Health Care and Wellness

Leaf Relief Dispensary Opens in Boardman

BOARDMAN, Ohio — It’s been six months since Steven Baddeley received his medical marijuana card to treat symptoms of post-traumatic stress disorder, anxiety and hepatitis C, and he says it’s a much better situation than before.

“You have to go above and beyond and take chances that other people aren’t willing to take,” Baddeley says. 

Those chances may be using drugs such as suboxone and methadone, he says, which can be used to treat pain as well as addiction to narcotic pain relievers. Other chances include turning to the black market, he says. Medical marijuana is a much safer route, he says, and has been working for treating his ailments.

Baddeley was one of a few customers on-hand for the opening of Leaf Relief, which cut the ribbon Friday morning at its dispensary, 4323 Market St. It is the only medical marijuana dispensary open in Mahoning County. The company is a division of Quest Wellness, headed by local businessman Herb Washington.

The company received its certificate of operation from the Ohio Board of Pharmacy in June and had a soft opening on Wednesday. Washington says he is happy with the response from customers so far, despite not being allowed to advertise through traditional means, per state regulation. Leaf Relief has relied solely on word of mouth, social media and news coverage, he says.

“For no advertising, we’ve been pleased with the number of folks who have come through the doors,” he says. “People have been watching the renovation of this building for some time.”

The soft opening gave the new company a chance to work out any issues while serving “a slow trickle” of customers, says Terrell Washington, director of business operations and Herb Washington’s son.

Products at Leaf Relief are being sold initially for less than the market rate, Washington says. For a daily dose of medical marijuana flower – 2.83 grams in the state of Ohio – prices range from $33 to $57, depending on the quality and strength, the younger Washington says. The high-end flower is “the second strongest strain in the state, he says.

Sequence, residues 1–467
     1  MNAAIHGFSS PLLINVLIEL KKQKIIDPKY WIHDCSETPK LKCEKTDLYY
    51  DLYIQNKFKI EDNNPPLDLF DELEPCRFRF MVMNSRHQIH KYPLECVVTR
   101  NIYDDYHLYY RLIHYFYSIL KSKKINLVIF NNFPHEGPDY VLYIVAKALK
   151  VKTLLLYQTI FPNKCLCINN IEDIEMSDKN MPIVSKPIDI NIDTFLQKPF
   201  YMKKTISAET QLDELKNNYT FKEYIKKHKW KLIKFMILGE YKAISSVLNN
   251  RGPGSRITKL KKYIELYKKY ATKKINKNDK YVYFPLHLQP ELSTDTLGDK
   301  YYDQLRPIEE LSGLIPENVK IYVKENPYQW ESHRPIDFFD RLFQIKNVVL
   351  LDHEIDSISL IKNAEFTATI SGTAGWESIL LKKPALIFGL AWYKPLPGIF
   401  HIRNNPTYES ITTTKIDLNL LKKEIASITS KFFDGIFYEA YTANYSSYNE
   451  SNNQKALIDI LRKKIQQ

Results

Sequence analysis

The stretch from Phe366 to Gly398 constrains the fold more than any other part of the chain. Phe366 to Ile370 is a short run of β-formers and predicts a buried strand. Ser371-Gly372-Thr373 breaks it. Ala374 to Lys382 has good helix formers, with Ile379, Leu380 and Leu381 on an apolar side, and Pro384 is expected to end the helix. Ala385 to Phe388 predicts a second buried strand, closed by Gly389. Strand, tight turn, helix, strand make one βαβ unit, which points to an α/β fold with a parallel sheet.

“That’s a Tier 2 strain which counts as a little bit more toward their allotment, he says. “That’s why it’s at a higher price point.”

Customers can purchase up to a 90-day supply of flower for vaping, Washington says. Other products include tinctures, concentrated vape oil and edible gummies, the latter of which retail for $80 for a 10- to 12-dose order. Tinctures are sold in two- and four-day doses, he says.

Products are sourced from growers and processors around the state, he says. Among the products most popular thus far include flowers harvested by Riviera Creek LLC, a Level I cultivator in Youngstown. Product lines such as Garlic Cookies and Purple H have been popular among customers, Washington says, but Riviera’s Stambaugh strain “is by far the leader,” he says.

“Our stuff has been their top three selling products so far,” says Sam Brenkus, head cultivator at Riviera Creek.

With three dispensaries now operating within the Mahoning Valley – in February, FRX Health opened its doors in East Liverpool and gLeaf Medical in Warren began operations in April – demand has steadily increased for the Riviera Creek’s products, Brenkus says. “It’s always getting busier. There’s never enough product,” he says.

Economic development representatives and elected officials were on-hand for the opening, including councilwomen Anita Davis and Basia Adamczak, 6th and 7th wards, respectively. 

Davis has received positive and negative feedback among her constituents on the burgeoning medical marijuana industry in the city, she says. Those supporting the industry say “it’s about time,” she says. “They have family members who are already getting their stuff. So they welcome the ability to not have to travel to other places in order to get this medication.”

Those opposed are concerned about the “element that it may attract,” but Davis isn’t worried, she says. “This is Herb Washington. Do you really think he’s going to allow it here?” she says. “No. It’s not going to happen.”

Though Davis has “never used it, nor will use it,” she understands the “practical application” of medical marijuana for patients who need it, she says. And while drugs can be abused, including over-the-counter medications, she says, that shouldn’t prevent patients who need medical marijuana from getting it. When it comes to legal, medical application of marijuana, the councilwoman, aretired detective-sergeant with the Youngstown Police Department, says she is not among the opposition.

“I welcome it to anyone who has a need for it,” Davis says. “I’m not your doctor. Who are we to sit and tell you that you have to suffer?”

Pictured: (From left) Niko Irizarry, patient navigator; Jessie Dann, general manager; Anita Davis, 6th ward councilwoman, Youngstown; Herb Washington, Quest Wellness; Basia Adamczak, 7th ward councilwoman, Youngstown; Terrell Washington, director of business operations; Zac Gierlach, patient navigator; Josh Lankford, patient navigator; Brian Brown, manager.

Copyright 2019 The Business Journal, Youngstown, Ohio.